An alternative hypothesis proposed by David Lewis-Williams and Jean Clottes following work with similar art of the San people of Southern Africa is that this type of art is spiritual in nature relating to visions experienced during ritualistic trance-dancing. These trance visions are a function of the human brain and so are independent of geographical location. Nigel Spivey, a professor of classic art and archeology at the University of Cambridge, has further postulated in his series, How Art Made the World, that dot and lattice patterns overlapping the representational images of animals are very similar to hallucinations provoked by sensory-deprivation. He further postulates that the connections between culturally important animals and these hallucinations led to the invention of image-making, or the art of drawing. Further extrapolations include the later transference of image-making behavior from the cave to megalithic sites, and the subsequent invention of agriculture to feed the site builders.
Some anthropologists and art historians also theorize that the paintings could be an account of past hunting success, or could represent a mystical ritual in order to improve future hunting endeavors. This latter theory is supported by the overlapping images of one group of animals in the same cave-location as another group of animals, suggesting that one area of the cave was more successful for predicting a plentiful hunting excursion.
Applying the iconographic method of analysis to the Lascaux paintings (studying position, direction and size of the figures; organization of the composition; painting technique; distribution of the color planes; research of the image center), Thérèse Guiot-Houdart attempted to comprehend the symbolic function of the animals, to identify the theme of each image and finally to reconstitute the canvas of the myth illustrated on the rock walls.[further explanation needed]
Julien d'Huy and Jean-Loïc Le Quellec showed that certain angular or barbed signs of Lascaux may be analysed as "weapon" or "wounds". These signs affect dangerous animals—big cats, aurochs and bison—more than others and may be explained by a fear of the animation of the image. Another finding supports the hypothesis of half-alive images. At Lascaux, bison, aurochs and ibex are not represented side by side. Conversely, one can note a bison-horses-lions system and an aurochs-horses-deer-bears system, these animals being frequently associated. Such a distribution may show the relationship between the species pictured and their environmental conditions. Aurochs and bison fight one against the other, and horses and deer are very social with other animals. Bison and lions live in open plains areas; aurochs, deer and bears are associated with forests and marshes; ibex habitat is rocky areas, and horses are highly adaptive for all these areas. The Lascaux paintings' disposition may be explained by a belief in the real life of the pictured species, wherein the artists tried to respect their real environmental conditions.
Less known is the image area called the Abside (Apse), a roundish, semi-spherical chamber similar to an apse in a Romanesque basilica. It is approximately 4.5 meters in diameter (about 5 yards) and covered on every wall surface (including the ceiling) with thousands of entangled, overlapping, engraved drawings. The ceiling of the Apse, which ranges from 1.6 to 2.7 meters high (about 5.2 to 8.9 feet) as measured from the original floor height, is so completely decorated with such engravings that it indicates that the prehistoric people who executed them first constructed a scaffold to do so.
The opening of Lascaux Cave after World War II changed the cave environment. The exhalations of 1,200 visitors per day, presence of light, and changes in air circulation have created a number of problems. Lichens and crystals began to appear on the walls in the late 1950s, leading to closure of the caves in 1963. This led to restriction of access to the real caves to a few visitors every week, and the creation of a replica cave for visitors to Lascaux. In 2001, the authorities in charge of Lascaux changed the air conditioning system which resulted in regulation of the temperature and humidity. When the system had been established, an infestation of Fusarium solani, a white mold, began spreading rapidly across the cave ceiling and walls. The mold is considered to have been present in the cave soil and exposed by the work of tradesmen, leading to the spread of the fungus which was treated with quicklime. In 2007, a new fungus, which has created grey and black blemishes, began spreading in the real cave.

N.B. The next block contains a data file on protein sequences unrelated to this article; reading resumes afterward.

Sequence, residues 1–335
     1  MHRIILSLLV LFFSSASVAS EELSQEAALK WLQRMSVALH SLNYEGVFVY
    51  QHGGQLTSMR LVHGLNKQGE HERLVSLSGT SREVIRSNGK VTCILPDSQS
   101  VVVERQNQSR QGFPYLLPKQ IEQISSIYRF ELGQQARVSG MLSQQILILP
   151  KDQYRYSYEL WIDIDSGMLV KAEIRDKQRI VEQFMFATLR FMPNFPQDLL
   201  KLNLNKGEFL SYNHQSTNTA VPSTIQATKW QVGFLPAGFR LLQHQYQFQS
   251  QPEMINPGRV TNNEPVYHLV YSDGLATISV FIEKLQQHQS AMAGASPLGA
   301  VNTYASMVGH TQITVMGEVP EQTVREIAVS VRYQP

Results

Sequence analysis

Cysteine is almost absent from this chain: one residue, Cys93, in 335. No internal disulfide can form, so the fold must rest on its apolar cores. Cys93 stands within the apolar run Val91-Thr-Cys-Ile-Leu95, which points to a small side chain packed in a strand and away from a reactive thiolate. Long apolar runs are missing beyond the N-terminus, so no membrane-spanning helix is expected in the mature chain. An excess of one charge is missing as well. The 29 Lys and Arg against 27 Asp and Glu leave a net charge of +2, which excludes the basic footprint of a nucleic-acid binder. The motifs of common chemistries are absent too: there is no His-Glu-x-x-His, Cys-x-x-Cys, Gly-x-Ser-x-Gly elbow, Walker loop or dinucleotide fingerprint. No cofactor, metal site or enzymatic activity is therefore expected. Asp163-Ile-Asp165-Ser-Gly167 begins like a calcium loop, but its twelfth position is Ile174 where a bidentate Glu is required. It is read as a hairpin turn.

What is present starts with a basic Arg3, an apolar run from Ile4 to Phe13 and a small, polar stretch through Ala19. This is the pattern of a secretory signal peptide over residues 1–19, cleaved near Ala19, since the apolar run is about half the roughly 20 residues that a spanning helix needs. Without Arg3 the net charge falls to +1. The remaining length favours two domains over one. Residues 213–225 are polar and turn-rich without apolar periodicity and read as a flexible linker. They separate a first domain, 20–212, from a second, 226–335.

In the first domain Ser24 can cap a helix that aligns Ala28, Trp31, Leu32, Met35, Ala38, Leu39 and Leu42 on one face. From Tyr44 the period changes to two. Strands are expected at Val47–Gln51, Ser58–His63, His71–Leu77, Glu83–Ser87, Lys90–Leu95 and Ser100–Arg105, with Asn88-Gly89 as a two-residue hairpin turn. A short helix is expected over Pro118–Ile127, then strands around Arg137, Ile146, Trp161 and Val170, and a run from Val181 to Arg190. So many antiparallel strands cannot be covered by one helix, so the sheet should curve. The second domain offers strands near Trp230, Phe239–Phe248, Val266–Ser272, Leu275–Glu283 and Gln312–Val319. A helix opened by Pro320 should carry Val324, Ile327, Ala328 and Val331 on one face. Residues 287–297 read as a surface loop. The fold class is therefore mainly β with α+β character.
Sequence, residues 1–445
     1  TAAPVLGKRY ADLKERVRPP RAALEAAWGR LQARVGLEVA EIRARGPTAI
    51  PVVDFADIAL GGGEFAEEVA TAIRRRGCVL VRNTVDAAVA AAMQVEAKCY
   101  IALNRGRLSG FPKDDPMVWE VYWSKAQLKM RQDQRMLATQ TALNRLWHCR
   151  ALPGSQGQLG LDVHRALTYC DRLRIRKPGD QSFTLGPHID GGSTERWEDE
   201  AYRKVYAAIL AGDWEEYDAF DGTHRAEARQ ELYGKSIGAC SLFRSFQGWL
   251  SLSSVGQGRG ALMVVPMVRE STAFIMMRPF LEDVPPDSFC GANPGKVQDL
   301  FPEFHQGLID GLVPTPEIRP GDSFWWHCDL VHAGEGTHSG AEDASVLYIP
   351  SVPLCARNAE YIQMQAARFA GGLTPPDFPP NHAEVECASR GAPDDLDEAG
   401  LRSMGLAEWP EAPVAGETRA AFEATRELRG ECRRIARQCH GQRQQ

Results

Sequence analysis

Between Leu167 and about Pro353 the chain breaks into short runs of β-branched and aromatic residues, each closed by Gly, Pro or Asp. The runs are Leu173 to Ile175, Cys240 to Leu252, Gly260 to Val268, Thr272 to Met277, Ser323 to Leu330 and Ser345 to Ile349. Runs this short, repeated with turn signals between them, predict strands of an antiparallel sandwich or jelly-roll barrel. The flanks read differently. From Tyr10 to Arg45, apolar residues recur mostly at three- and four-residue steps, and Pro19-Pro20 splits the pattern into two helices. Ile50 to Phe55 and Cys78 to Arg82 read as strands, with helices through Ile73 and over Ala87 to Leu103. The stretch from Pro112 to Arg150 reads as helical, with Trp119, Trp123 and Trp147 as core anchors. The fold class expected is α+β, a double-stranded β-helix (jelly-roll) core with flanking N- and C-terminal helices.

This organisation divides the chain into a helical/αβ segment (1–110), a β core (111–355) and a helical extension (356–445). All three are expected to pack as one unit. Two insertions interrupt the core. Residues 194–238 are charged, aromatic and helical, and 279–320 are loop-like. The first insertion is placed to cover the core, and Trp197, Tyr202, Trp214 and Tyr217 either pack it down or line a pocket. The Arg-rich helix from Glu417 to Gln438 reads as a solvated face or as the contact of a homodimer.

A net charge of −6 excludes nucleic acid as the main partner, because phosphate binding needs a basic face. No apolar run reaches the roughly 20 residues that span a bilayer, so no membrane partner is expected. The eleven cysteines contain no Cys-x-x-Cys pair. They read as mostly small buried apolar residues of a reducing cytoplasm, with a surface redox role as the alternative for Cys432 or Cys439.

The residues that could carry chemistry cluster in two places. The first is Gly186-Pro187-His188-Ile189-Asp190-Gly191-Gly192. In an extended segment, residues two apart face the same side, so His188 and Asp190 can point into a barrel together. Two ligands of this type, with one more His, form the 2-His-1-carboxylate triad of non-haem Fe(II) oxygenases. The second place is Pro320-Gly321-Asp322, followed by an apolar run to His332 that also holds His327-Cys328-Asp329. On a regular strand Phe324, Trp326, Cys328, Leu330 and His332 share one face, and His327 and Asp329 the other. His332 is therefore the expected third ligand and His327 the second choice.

Organized through the initiative of the French Ministry of Culture, an international symposium titled "Lascaux and Preservation Issues in Subterranean Environments" was held in Paris on February 26 and 27, 2009, under the chairmanship of Jean Clottes. It brought together nearly three hundred participants from seventeen countries with the goal of confronting research and interventions conducted in Lascaux Cave since 2001 with the experiences gained in other countries in the domain of preservation in subterranean environments. The proceedings of this symposium were published in 2011. Seventy-four specialists in fields as varied as biology, biochemistry, botany, hydrology, climatology, geology, fluid mechanics, archaeology, anthropology, restoration and conservation, from numerous countries (France, United States, Portugal, Spain, Japan, and others) contributed to this publication.
The problem is ongoing, as are efforts to control the microbial and fungal growths in the cave. The fungal infection crises have led to the establishment of an International Scientific Committee for Lascaux and to rethinking how, and how much, human access should be permitted in caves containing prehistoric art.
- Cave of Altamira
- Prehistoric art
- Art of the Upper Paleolithic
- List of Stone Age art
- List of archaeological sites by country
- List of caves
- Cave painting
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|Wikimedia Commons has media related to Lascaux.|
- Lascaux Cave Official Lascaux Web site, from the French Ministry of Culture
- Save Lascaux Official website of the International Committee for the Preservation of Lascaux
- Lascaux Cave Art Symposium The Bradshaw Foundation